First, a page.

At the event, the famed DVD producer and historian of silent classics speaks to his tireless work to preserve world cinema. Recent restorations by Shepard include Raoul Walsh’s early gangster saga, Regeneration (1915) with Philip Carli’s piano music, all of Charlie Chaplin’s Essanay and Mutual comedies, and Masterworks of American Avant-Garde Experimental Film 1920-1970 with Ciné Salon’s Bruce Posner. More information about the event can be found HERE.
A special tribute video featuring fellow film archivists and historians Serge Bromberg, Leonard Maltin and Kevin Brownlow was made to mark the occasion.
As is evident from the video above, David Shepard is greatly admired by his fellow archivists, preservationists, film historians, and film buffs. That admiration come across in this snapshot, which I took in 2010. For a film buff (such as myself), this was a magical moment. Pictured here is a photograph of colleagues - from left to right that's Kevin Brownlow, Diana Serra Cary (aka Baby Peggy), David Shepard, and Leonard Maltin.
Born in 1940, and raised in New Orleans and the suburbs of New York, David Shepard has had a lifelong love of film, having devoted most of his life to film preservation. Through teaching and shcolarship, through his company, Film Preservation Associates, through his ownership of the Blackhawk Films library, and through his film and video restoration efforts, Shepard has long worked behind the scenes helping save early films. Just as importantly, Shepard makes these films available to the home video market, first through laserdisc and VHS formats, and now through high-quality DVD releases, "where the clarity and beauty of these early motion pictures can really be fully appreciated."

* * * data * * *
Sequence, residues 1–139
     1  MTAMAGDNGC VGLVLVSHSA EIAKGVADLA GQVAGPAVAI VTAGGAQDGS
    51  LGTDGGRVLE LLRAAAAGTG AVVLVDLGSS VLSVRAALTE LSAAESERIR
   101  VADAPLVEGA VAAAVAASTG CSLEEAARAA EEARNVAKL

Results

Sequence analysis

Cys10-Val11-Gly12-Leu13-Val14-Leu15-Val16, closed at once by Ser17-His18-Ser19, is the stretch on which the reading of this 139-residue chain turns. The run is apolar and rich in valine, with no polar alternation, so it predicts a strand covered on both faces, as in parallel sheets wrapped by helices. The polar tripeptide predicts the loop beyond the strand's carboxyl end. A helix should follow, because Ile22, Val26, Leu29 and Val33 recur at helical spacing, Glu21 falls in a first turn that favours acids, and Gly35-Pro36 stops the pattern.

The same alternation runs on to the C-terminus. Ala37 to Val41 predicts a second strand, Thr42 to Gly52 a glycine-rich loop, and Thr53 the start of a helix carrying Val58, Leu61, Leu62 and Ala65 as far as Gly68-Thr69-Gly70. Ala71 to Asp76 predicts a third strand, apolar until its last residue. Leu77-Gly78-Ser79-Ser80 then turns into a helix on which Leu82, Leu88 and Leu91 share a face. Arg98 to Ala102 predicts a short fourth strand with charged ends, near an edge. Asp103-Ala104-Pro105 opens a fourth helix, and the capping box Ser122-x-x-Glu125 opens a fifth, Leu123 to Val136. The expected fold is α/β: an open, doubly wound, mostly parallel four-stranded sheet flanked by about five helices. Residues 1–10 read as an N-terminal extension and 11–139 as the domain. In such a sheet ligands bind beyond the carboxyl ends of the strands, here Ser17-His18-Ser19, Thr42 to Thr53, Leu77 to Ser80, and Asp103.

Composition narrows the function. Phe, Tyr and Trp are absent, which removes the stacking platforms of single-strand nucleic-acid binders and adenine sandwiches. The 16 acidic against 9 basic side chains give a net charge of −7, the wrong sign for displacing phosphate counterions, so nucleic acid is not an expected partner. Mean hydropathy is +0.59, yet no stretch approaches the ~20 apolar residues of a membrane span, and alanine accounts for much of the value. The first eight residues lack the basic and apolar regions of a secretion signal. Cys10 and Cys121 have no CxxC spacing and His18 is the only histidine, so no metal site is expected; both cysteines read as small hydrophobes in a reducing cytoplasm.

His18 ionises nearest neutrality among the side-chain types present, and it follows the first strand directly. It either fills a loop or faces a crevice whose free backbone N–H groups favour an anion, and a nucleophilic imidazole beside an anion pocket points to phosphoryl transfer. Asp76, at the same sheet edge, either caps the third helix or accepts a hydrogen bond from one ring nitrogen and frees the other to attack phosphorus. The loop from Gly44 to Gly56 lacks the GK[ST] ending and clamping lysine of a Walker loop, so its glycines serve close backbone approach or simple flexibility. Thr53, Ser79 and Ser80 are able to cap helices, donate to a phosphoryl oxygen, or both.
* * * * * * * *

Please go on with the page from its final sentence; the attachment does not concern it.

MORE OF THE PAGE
In the words of Mike Mashon, Head, Moving Image Section, Motion Picture Broadcasting and Recorded Sound Division, Library of Congress, “David is a giant in the field of film preservation, one of those rare talents who exemplifies the scholar’s rigorous research, the archivist’s attention to detail and the fan’s unabashed love and enthusiasm for movies.”
I have had the pleasure of being acquainted with David Shepard for more than a decade. He is a fine fellow. I appreciate having seen the films which he has preserved and brought to DVD as well as the silver screen. I also enjoyed reading and treasure my autographed copies of his books on movie legends King Vidor and Henry King. I was also honored to have my picture taken with David Shepard earlier this year.
David Shepard's involvement with silent film also extends to Louise Brooks, and whose now lost 1927 film, The City Gone Wild, he almost saved.
In his 1990 book, Behind the Mask of Innocence, Kevin Brownlow wrote about an incident in the 1970s. “David Shepard, then with the American Film Institute’s archive program, had a list of 35mm nitrate prints held in a vault Paramount had forgotten it had. He asked me which title I would select, out of all of them, to look at right away. I said The City Gone Wild. He called Paramount to bring it out of the vaults for our collection that afternoon. The projectionist went to pick it up. ‘O, there was some powder on that,’ said the vault keeper ‘We threw it away.’ … He tried to rescue it, even from its watery grave, but a salvage company had carted it off by the time he got there.”
For more about David Shepard and all that he has done, check out these interviews.
Northwest Chicago Film Society: A Conversation with David Shepard
Digitally Obsessed: A Conversation with David Shepard
Silents are Golden: Interview with David Shepard